• 135 As quoted by the International Court of Justice in Territorial Dispute (Libya v Chad), supra n. 44 at para. 53. For the historical background to this treaty, see Dadi, 'Me¤ moire du Gouvernement de la Re¤ publique du Tchad, Chapitre III', ibid.
    • 136 ILO Recommendation 104, supra n. 65 at para. 35.
    • 137 Jowitt, Dictionary of English Law, 1st edn (London: Sweet and Maxwell, 1959) at 279.
    • 138 For an overview on the situations of the Travellers, see Keane, 'International Law and the Ethnicity of Irish Travellers', (2005) 11 Washington and Lee Race and Ethnic Ancestry Law Journal 43.
    • 139 As regards Roma/Gypsy communities it is estimated that 20 to 40 percent of the Roma population in Europe retain a nomadic or semi-nomadic lifestyle, see Liegeois and Gheorghe, supra n. 16.
    • 140 For an overview of the situation of the Roma, see Pogany, 'Accomodating an Emergent National Identity: The Roma of Central and Eastern Europe', (1999) 6 International Journal on Minority and Group Rights 149.
    • 141 See Gilbert,'Still No Place to Go: Nomadic Peoples' Territorial Rights in Europe', (2004/2005) 4 European Yearbook on Minority Issues 141.
    • 142 See Council of Europe Parliamentary Assembly Recommendation 563 (1969) on the Situation of Gypsies and Other Travellers in Europe, 30 September 1969; Council of Europe Committee of Ministers Resolution (75) 13 on the Social Situation of Nomads in Europe, 22 May 1975; Council of Europe Committee of Ministers Recommendation No. R (83) 1 on Stateless Nomads and Nomads of Undetermined Nationality, 22 February 1983; and Standing Conference of Local and Regional Authorities of Europe Resolution 125 (1981) on the Role and Responsibility of Local and Regional Authorities in Regard to the Cultural and Social Problems of Populations of Nomadic Origin, 29 October 1981.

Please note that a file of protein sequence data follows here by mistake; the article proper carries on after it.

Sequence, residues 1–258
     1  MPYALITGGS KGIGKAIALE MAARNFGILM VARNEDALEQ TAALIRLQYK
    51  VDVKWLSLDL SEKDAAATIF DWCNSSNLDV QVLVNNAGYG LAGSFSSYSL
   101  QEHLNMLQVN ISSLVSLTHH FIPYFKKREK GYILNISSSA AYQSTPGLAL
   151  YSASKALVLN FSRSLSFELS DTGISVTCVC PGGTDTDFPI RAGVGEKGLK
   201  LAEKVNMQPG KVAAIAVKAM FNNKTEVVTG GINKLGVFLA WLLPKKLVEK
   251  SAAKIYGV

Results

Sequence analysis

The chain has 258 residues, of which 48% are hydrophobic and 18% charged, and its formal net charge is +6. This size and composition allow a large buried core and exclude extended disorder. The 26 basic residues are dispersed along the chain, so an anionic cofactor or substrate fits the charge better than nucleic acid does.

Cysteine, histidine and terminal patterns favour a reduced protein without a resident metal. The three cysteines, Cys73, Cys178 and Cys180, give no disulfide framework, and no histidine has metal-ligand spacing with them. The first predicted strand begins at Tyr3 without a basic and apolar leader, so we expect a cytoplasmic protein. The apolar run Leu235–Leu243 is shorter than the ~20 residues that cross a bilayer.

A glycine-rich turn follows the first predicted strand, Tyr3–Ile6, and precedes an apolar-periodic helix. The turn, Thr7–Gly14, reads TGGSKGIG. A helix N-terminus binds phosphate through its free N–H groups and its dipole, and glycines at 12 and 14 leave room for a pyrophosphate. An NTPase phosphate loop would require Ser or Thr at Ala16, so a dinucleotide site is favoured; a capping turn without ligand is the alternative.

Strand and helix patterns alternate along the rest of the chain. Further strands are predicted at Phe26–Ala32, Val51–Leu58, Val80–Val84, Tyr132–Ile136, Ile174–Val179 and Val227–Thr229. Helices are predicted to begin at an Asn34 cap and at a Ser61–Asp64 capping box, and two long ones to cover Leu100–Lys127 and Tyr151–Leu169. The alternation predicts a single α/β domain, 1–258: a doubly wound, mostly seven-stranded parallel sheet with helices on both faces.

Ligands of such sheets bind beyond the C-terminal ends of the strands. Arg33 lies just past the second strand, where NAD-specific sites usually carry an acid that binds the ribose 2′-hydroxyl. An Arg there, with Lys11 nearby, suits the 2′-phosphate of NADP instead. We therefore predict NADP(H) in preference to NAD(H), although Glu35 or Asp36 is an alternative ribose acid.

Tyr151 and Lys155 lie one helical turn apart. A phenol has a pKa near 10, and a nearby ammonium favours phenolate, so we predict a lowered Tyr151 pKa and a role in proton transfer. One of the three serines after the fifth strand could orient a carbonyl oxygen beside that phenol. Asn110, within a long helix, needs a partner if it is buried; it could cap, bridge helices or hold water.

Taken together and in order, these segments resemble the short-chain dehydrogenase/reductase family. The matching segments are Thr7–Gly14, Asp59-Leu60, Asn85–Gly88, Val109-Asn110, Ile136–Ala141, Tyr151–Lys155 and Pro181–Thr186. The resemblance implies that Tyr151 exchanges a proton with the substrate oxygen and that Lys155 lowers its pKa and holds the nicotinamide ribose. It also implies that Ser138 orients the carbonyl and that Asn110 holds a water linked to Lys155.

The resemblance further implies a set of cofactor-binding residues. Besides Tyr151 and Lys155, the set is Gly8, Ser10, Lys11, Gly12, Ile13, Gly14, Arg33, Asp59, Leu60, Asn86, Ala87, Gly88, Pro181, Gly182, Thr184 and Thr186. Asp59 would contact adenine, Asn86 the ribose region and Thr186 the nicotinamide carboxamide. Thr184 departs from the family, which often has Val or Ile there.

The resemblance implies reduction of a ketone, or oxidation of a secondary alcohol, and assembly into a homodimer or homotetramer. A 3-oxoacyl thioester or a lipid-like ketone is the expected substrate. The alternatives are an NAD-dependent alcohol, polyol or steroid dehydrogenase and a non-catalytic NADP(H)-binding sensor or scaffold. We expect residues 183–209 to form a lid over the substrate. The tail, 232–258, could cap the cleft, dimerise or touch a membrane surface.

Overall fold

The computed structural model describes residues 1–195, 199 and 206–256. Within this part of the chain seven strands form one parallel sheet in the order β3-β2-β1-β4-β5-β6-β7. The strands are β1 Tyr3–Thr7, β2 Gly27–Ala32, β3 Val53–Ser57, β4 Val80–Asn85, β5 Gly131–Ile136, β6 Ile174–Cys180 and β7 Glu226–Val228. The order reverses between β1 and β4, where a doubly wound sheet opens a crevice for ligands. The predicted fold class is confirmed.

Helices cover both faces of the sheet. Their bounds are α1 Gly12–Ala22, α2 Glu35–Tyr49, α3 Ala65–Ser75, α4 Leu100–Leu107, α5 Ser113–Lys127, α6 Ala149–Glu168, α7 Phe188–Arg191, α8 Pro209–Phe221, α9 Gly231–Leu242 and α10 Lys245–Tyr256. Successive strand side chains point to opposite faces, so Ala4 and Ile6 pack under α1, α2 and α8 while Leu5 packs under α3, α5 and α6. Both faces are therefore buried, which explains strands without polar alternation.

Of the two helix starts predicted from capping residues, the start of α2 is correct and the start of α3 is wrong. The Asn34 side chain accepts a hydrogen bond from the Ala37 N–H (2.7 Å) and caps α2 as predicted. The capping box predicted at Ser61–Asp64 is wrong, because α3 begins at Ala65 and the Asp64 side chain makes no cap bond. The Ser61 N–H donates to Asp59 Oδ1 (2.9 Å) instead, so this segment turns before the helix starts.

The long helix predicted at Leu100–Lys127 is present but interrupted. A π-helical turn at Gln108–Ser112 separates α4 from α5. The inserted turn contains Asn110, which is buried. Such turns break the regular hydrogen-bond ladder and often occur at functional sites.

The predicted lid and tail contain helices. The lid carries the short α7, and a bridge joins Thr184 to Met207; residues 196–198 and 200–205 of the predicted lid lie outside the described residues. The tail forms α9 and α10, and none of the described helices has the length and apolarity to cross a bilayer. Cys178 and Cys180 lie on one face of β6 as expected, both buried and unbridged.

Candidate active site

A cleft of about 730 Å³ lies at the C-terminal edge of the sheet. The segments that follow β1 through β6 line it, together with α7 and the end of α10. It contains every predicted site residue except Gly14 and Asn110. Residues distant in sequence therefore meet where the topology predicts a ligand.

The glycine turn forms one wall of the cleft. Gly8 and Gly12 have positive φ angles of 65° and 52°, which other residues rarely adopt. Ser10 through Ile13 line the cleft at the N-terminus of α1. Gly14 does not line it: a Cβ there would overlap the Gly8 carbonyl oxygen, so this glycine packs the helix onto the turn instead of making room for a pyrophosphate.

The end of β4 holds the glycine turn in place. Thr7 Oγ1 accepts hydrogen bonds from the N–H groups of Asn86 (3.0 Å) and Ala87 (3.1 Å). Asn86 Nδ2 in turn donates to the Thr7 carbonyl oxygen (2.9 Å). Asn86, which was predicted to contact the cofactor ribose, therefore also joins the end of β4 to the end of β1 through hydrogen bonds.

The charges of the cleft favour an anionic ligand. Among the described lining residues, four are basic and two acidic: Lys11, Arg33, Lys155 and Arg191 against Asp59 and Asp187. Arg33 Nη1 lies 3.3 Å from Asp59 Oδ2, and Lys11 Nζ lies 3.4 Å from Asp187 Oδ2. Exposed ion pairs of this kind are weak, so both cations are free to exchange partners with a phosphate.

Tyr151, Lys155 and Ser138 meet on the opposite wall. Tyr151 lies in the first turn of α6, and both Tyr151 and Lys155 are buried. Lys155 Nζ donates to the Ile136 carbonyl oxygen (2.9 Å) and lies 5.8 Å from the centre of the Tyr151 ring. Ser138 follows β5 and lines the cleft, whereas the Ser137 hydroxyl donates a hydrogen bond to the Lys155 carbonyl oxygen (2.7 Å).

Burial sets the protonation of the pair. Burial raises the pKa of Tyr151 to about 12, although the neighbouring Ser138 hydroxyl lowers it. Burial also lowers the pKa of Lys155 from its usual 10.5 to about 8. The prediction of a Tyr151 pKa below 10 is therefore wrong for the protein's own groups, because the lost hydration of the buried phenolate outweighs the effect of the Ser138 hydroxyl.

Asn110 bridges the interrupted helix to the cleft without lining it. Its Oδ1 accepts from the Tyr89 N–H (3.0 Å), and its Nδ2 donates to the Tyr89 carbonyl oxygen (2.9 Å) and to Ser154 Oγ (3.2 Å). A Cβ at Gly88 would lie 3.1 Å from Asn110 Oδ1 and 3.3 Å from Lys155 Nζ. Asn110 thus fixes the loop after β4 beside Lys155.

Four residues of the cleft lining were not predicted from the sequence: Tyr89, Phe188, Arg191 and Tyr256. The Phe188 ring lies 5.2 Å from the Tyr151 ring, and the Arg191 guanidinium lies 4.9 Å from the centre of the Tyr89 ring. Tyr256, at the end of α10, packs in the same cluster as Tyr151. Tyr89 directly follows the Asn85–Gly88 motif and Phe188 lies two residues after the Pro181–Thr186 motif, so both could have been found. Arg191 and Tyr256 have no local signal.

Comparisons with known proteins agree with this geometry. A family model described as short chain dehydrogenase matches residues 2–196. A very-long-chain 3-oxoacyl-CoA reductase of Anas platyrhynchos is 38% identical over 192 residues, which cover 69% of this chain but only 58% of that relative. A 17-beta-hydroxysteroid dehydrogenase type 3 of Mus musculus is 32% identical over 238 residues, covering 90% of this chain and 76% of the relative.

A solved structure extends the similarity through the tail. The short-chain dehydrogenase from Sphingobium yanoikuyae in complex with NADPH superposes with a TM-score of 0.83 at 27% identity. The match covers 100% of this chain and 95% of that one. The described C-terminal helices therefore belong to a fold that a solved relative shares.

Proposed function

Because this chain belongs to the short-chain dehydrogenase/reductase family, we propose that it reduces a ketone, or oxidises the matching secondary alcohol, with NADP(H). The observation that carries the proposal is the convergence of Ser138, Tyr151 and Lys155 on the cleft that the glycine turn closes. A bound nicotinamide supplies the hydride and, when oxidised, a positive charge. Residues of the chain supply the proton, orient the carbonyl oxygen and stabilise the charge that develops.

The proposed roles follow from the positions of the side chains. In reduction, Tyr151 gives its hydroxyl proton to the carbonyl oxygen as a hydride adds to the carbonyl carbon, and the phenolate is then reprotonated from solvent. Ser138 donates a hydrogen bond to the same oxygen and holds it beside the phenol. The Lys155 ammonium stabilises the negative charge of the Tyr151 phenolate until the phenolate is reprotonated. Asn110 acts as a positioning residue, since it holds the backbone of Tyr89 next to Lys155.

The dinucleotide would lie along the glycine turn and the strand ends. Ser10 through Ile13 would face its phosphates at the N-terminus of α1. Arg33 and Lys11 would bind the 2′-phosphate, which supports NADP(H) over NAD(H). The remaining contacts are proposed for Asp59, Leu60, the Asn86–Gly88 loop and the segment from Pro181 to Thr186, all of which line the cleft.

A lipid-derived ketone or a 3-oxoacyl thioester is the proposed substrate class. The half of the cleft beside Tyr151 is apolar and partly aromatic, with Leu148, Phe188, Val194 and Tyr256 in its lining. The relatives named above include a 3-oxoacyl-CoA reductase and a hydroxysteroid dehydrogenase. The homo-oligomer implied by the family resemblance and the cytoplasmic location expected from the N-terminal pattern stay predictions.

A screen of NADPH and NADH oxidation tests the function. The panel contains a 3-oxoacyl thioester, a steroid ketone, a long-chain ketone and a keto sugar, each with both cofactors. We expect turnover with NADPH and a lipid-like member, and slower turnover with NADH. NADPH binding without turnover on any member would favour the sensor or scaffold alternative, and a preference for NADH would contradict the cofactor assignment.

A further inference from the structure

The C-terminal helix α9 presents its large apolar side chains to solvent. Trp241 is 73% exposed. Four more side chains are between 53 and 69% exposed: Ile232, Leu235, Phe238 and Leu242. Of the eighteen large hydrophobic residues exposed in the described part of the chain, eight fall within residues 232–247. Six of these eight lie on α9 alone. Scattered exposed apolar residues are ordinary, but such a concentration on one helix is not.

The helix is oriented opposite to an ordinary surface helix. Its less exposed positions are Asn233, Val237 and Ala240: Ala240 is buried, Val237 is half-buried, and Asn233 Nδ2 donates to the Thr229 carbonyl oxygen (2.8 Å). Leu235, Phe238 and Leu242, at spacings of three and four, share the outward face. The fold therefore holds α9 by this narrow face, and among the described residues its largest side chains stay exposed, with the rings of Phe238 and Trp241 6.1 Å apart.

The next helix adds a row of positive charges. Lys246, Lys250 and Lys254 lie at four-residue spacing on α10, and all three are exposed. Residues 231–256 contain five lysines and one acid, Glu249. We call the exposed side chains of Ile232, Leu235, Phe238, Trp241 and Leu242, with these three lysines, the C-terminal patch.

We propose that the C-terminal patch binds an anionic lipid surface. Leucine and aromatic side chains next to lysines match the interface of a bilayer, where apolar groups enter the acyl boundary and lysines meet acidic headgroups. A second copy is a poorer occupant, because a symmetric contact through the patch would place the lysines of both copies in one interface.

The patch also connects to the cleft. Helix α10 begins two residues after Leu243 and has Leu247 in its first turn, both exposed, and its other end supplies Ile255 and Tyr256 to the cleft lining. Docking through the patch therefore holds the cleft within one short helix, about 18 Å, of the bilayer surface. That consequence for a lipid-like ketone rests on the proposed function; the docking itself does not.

• 143 Council of Europe Parliamentary Assembly Recommendation 1203 (1993) on Gypsies in Europe, 2 February 1993.
    • 144 Council of Europe European Commission Against Racism and Intolerance General Policy Recommendation No. 3: Combating Racism and Intolerance Against Roma/Gypsies, 6 March 1998, CRI (98) 29 rev.
    • 145 CERD, General Recomendation XXVII on Discrimination against Roma, 16 August 2000, HRI/GEN/1/Rev.7 at 224; 8 IHRR 310 (2001) at para. 32.
    • 146 Ibid. at para. 31.
    • 147 Concluding Observations of the Committee on the Elimination of Racial Discrimination: United Kingdom of Great Britain and Northern Ireland, 10 December 2003, CERD/C/63/CO/ 11 at para. 22.
    • 148 Concluding Observations of the Committee on the Elimination of Racial Discrimination: United Kingdom of Great Britain and Northern Ireland, 18 March 1996, CERD/C/304/Add.9 at para. 15.